So the nationwide total for annual willingness to pay for biodiversity and landscape protection in 2007 dollars is about $433 million on annual expenditures, or almost double that at $828 million per year in total including opportunity cost of public conservation land. Averaged across Census 2006 counts, this is around $104 per person or $292 per household in expenditure, or $200 per person and $560 per household in total cost. These estimates are rough, but the assumed informal contribution would need to be hugely under-stated for the actual total to be significantly higher.
Surveys indicate that we say that we’d pay more
Table 1 shows findings from recent stated preference surveys on willingness to pay to avoid loss of certain environmental assets in specific locations.2 This shows recorded values for average household willingness to pay to protect individual sites and species are high compared to average household spending of $292 per year (direct and indirect) on all biodiversity and landscape protection work, and against the $560 per household in total cost.
|Table 1 Values from stated preference surveys|
|Willingness to pay to avoid
||per household per year|
|Losing 4 bird species from Hamilton Lake||$144|
|Losing fish & mussels from Hamilton Lake
|Losing robust grasshopper, Mackenzie Basin||$95|
|Losing Bignose Galaxias from Mackenzie Basin||$110|
|Nelson Lakes: 1% rise in wasp sting probability
|Native birds becoming absent from Lake Rotoiti||$325|
|Insects becoming absent from Lake Rotoiti||$198|
|Source : NZIER|
Whilst we might pay these amounts to save a species from extinction, would we really pay these for conserving a species in one location, say, if a flock of similar birds lived in the next lake system?
Lip service? What’s behind the gap?
Such high values are not peculiar to New Zealand, but common to virtually all stated preference studies. That the values are so high relative to observed behaviour could reflect:
- respondents are not fully taking into account their income constraints and current spending behaviour when answering, despite extensive efforts in survey design to keep this front of mind
- rather than eliciting a pre-held preference for the subject matter the survey technique is creating a value by focusing on the subject resources and diverting attention from other options
- the expression of public willingness to pay through political processes and public funding is deficient and significantly understates public preferences for conservation.
Another possible reason is that stated preference surveys of the environment are commonly framed as after-the-fact valuations of sites or species known to be at risk. People will often dig deeper to recover from a disaster once it has happened, than take precautions against it.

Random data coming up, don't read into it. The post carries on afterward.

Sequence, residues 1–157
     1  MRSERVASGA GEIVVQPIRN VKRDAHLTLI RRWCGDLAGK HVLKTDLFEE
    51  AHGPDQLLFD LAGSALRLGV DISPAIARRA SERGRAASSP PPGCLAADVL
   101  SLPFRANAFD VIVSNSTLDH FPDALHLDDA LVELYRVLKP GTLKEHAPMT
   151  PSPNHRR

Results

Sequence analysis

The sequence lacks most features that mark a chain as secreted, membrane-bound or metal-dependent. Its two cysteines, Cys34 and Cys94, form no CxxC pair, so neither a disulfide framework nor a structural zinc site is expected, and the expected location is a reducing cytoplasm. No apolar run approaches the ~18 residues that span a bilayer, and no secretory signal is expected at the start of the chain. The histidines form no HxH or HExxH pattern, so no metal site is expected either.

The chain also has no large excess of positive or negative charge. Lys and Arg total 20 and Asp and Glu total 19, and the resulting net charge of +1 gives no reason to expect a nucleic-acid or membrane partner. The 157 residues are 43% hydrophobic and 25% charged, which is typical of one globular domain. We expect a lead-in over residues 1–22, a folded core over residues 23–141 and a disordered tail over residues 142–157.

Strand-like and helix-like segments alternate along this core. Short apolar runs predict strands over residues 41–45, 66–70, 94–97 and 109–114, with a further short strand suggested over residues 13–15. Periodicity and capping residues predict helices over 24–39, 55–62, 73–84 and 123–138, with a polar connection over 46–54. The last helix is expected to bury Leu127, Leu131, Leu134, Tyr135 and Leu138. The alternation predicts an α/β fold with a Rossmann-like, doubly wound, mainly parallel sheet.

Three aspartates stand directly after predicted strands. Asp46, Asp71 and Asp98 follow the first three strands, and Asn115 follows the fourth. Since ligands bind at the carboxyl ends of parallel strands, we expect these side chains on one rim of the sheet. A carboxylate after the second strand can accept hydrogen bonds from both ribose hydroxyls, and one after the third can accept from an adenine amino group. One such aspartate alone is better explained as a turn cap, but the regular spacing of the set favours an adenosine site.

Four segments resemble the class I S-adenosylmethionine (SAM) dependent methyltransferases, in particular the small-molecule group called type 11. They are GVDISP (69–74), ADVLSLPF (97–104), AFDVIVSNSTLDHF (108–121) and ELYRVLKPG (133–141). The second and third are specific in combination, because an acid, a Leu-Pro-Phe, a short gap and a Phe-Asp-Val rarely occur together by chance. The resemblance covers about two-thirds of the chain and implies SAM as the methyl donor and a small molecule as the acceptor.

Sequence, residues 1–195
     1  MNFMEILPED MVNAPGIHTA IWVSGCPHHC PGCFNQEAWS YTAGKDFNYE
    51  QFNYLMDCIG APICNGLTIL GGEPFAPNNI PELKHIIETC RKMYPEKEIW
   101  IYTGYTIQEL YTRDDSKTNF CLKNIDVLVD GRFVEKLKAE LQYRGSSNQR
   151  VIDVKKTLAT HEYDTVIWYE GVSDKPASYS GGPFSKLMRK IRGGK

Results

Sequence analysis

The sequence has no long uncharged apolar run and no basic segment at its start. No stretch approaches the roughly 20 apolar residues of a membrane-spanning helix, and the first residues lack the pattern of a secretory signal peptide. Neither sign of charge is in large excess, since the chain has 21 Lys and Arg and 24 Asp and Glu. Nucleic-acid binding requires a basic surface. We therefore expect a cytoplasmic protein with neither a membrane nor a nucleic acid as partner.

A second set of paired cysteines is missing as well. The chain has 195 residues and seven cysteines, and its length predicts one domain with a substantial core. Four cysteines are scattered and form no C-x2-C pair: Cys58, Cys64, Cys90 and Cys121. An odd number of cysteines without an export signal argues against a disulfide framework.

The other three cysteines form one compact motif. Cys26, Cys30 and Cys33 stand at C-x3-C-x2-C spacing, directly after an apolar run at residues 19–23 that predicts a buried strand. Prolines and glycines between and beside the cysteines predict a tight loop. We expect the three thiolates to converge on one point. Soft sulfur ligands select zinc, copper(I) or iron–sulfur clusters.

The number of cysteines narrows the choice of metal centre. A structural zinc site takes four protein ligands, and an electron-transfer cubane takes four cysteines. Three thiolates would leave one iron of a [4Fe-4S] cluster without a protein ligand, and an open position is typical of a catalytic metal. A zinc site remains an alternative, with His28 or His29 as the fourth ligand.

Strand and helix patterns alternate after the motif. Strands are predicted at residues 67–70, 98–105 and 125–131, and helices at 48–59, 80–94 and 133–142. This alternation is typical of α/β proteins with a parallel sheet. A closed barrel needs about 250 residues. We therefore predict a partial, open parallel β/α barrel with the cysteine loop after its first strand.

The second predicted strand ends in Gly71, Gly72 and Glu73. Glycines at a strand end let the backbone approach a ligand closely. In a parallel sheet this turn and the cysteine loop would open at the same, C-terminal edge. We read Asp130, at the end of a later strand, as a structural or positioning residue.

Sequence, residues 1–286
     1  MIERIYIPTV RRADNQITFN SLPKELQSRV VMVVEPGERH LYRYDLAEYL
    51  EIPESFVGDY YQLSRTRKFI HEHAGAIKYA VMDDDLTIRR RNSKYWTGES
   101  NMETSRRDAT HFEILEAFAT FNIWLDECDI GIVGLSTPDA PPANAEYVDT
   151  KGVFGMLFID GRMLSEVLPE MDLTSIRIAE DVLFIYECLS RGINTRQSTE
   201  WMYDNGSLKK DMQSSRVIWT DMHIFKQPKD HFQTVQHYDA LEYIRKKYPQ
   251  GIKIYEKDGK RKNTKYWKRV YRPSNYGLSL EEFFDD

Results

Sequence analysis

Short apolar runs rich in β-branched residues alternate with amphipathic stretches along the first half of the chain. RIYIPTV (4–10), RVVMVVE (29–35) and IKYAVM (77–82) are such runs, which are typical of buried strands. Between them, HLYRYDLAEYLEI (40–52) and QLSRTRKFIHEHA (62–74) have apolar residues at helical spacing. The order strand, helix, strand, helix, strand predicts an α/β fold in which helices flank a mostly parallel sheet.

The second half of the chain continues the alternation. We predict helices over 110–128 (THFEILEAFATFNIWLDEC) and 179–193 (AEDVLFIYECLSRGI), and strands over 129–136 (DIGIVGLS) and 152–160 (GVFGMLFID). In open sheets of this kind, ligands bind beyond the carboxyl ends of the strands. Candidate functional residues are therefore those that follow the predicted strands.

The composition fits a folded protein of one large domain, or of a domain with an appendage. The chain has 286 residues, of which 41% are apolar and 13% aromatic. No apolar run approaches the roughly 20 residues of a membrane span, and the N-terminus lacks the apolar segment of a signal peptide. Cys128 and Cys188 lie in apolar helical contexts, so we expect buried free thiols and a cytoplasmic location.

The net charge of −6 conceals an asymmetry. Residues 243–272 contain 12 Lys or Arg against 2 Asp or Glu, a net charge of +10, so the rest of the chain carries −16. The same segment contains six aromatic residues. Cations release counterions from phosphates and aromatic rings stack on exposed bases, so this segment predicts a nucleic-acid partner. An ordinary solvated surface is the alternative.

For policy purposes, where risk will strike is not known, so a before-the-fact public willingness to pay to reduce the risk of losing components of diversity is more useful than the value of specific species or sites. Armed with such a value, the choice of where to direct limited conservation resources then becomes a technical question of which sites or species contribute most to diversity.
We have done it before
New Zealand has used stated preference techniques before. Transport users were asked to state changes to their travel behaviour in face of changing travel risks (e.g. icy roads). Their responses indicated a time-risk relationship which, combined with the value of travel time, gave an estimate of the willingness to pay for reductions in risk of fatal injury while travelling. This resulted in a value of statistical life of $2 million being adopted in New Zealand in 1990 (since updated for inflation).
Its practical effect has been to provide the evidence to convince funders that motorway median barriers and other safety features are worthwhile investments.
Getting the valuations right will improve decision making
When it comes to valuing reducing risk to human health in transport, stated preference valuation has been used one way and accepted by New Zealand policy makers. But when it comes to valuing reducing risk to environmental health, stated preference has been used in a different way that produces results that are out of kilter with observed public willingness to pay for environmental protection. Not knowing the appropriate value can lead to poor decisions either way – we might be investing too much or too little in protecting environmental resources, or protecting the wrong ones.
Recent debates over the value of natural resources for tourism, mining, energy and conservation show the difficulty of weighing up choices when some values are unknown. It is time policy agencies followed transport in finding out what is the public willingness to pay to protect the environment from degradation. Future decisions on competing use of resources could then be made without being in the dark (or misled) on one side of the balance of economic consequences.
1.Derived from annualising at 8% the value of conservation property recorded in the government's FInancial Statement.
2. Bel B, Yap M, Cubdy C & Scarpa R (2008) "Valuing indigenous biodiversity"; & Kerr GN & BMH Sharp (2008) "Valuing indigenous biodiversity"; Two papers prepared for FRST Project NIMM0501.
This Insight was written by Peter Clough, Senior Economist at NZIER, with the assistance of Tamara Linnhoff.
October 2010. For further information please contact Peter via firstname.lastname@example.org
NZIER | (04) 472 1880 | email@example.com | PO Box 3479 Wellington
NZIER Insights are short notes designed to stimulate discussion on topical issues or to illustrate frameworks available for analysing economic problems. They are produced by NZIER as part of its self-funded Public Good research programme.